Who can resist those big, sad eyes? You have a ham sandwich. He doesn’t have a ham sandwich. Where is the justice in that? You break. Now he has half a ham sandwich. Better?

Pet owners can hurt their pets because they don’t know better. If your dog is a bundle of fur and fat, the ham sandwich you shared out of misplaced love may cause fatty liver disease or congestive heart failure or the excessive weight may exacerbate its hip dysplasia all of which will shorten its life.

A responsible pet owner will provide comfort and a healthy lifestyle for their four-legged or feathered member of the family.

Vaccines & Annual Shots. Rabies vaccines are necessary by law for dogs, but vaccines to prevent parvo, hepatitis and distemper also should be given as your veteri- narian recommends. If your dog will be interacting with strangers, kennel cough vaccines are also a good idea.

Good Food. Cheap dog food can cost you some steep vet bills and your pet a lot of pain. Look at the “guaranteed analysis” on the feed bag and be sure it includes the speci c source of meat (chicken meal), several vegetables and a whole grain or, if grain free, potato will probably be the starch.

Veterinarian care. Most domestic animals require the same medical assistance as humans in order to be healthy. They need dental check-ups, antibiotics for infections, corrective medications for thyroid and other malfunctioning glands, x-rays and bones set or pinned if broken. When your pet acts like it does not feel well, treat it as you would treat yourself!

Tie-outs. It’s illegal to tie a dog to a pole or fence and leave it there alone. It is not, however, illegal to leave a horse in a 10' x 10' corral for weeks or months at a time without any opportunity to run. For either of these ani- mals, this is not considered responsible ownership.

Arizona weather is brutal. In the summer, if a surface is too hot to keep your hand on, then it’s too hot for your dog or cat to walk or be on!

Truck beds and sidewalks can cook the toughest pads. In the winter be sure to provide shelter and an insulator be- tween your pet and the cold ground or concrete. If you are cold, they are cold. And most important of all, provide sufficient water at all times.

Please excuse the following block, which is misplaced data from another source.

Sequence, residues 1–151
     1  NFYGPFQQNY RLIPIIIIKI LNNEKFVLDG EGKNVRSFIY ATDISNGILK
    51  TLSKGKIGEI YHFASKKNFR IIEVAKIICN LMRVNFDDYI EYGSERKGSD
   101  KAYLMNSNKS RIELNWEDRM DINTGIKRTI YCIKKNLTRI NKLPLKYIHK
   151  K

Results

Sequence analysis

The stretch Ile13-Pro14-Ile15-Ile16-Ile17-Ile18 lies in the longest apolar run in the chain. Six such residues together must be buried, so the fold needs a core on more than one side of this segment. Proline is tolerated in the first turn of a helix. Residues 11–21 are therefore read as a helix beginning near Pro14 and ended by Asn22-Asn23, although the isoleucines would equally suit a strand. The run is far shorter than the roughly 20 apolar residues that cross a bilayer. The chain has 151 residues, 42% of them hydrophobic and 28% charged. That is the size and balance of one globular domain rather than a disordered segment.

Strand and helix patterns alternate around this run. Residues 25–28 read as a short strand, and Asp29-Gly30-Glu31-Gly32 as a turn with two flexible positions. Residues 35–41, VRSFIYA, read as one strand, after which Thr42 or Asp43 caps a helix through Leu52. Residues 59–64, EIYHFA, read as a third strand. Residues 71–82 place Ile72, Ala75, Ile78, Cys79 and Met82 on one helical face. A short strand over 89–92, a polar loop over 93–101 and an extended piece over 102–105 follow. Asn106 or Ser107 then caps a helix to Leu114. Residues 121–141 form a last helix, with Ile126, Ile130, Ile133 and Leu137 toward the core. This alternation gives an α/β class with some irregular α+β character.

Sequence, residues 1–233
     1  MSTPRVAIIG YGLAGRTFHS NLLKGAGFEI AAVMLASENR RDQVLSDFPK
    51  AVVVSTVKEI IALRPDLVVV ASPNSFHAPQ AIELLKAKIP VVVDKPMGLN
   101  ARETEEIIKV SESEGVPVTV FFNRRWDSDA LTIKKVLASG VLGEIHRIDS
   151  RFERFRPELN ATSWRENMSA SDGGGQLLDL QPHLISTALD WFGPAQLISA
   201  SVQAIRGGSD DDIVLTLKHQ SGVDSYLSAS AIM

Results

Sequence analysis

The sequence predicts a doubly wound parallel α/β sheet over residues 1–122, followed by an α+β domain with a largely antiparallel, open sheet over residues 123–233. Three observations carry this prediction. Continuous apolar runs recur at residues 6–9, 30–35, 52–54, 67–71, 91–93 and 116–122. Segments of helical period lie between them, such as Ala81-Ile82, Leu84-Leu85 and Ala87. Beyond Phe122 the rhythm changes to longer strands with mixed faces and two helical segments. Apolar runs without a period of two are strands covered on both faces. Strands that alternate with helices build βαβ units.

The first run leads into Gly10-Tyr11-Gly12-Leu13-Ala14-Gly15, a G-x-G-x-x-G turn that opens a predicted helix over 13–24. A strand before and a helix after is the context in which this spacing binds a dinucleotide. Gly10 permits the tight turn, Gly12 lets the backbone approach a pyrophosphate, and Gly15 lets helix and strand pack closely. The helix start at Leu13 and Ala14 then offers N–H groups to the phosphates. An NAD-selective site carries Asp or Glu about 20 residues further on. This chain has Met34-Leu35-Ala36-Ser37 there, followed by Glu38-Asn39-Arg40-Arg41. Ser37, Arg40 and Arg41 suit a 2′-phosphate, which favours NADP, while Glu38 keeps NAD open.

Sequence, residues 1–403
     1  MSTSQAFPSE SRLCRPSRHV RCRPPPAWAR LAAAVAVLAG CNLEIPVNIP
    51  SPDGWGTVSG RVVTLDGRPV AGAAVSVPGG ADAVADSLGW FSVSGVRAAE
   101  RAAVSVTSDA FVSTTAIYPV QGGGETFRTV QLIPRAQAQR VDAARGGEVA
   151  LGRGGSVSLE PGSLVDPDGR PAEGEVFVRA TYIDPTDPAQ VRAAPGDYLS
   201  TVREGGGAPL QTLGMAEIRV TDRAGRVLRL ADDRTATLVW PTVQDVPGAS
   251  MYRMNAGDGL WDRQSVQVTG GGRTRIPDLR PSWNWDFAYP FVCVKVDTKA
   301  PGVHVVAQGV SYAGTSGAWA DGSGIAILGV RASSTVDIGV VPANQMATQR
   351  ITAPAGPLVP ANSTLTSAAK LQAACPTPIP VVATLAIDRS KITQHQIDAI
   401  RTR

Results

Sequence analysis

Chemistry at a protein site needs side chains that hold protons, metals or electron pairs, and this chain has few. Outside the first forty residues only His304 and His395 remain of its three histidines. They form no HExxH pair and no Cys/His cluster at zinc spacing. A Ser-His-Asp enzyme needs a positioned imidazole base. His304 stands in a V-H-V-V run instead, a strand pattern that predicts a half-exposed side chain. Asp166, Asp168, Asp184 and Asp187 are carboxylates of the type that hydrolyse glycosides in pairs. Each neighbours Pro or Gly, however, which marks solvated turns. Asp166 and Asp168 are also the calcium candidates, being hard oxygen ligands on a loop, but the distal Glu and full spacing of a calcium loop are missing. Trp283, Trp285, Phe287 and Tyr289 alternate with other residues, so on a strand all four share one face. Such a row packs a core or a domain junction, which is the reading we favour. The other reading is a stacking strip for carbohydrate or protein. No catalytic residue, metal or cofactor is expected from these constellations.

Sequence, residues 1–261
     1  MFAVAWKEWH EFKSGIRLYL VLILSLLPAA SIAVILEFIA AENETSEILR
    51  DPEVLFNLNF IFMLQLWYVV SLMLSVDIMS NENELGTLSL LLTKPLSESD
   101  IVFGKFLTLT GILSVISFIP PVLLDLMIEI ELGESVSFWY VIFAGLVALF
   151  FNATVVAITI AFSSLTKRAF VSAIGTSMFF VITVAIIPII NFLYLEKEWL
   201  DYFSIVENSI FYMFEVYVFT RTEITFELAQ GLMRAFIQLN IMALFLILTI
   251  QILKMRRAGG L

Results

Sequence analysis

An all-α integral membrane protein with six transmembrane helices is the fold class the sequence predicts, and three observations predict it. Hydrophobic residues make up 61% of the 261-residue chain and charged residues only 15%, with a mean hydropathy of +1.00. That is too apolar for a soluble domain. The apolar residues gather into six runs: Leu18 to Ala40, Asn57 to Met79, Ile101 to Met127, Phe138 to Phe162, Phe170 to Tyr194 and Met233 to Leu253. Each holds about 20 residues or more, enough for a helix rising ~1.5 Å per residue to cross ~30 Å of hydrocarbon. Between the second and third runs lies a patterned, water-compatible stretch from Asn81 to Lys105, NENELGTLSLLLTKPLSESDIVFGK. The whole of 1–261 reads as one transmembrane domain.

Parasites. There are little buggy critters out there that love to chow down on domestic animals including birds, cats, dogs, cattle, horses and most any other pet. Examine your pet regularly for signs of these varmints and nd a solution to remove them—preferably one that does not contain insecticides.

If you see a situation where you believe an animal is being badly treated or being abused, either on purpose or for lack of knowledge, ask your parents to speak to the owner. If that is not possible, call Pima Animal Care Center and ask what you should do next.

••••••

Dear Paw Prints,

How many animals do you have?

Thank you, K.M.

---------------------

Dear K.M.,
I have one dog and one cat. Both were adopted from

the animal shelter. My dog is an 8-year-old Newfoundland mix and my cat is a 12-year-old, gray and white domestic short hair cat, (who thinks he is a dog). They are great companions and make my home 

There are usually about 800 animals (mostly dogs and cats) in Pima Animal Care Center,  the Pima County shelter. However, sometimes there are over 1,000 animals in the shelter. That’s a lot of animals that need a home! So please make sure your pets are spayed or neutered!

If you and your family want to add a new member to your household, please remember to look at the animal shelter(s) in your area and give a deserving dog or cat a second chance at a happy life!

Pima Animal Care Center: 4000 N. Silverbell Rd. • 243-5969 pima.gov/animalcare

Send your pet questions to: PAW PRINTS, 2525 E. Broadway Blvd. #102 Tucson, AZ 85716

Edition: 
Phoenix
Tucson
Issue: 
November 2016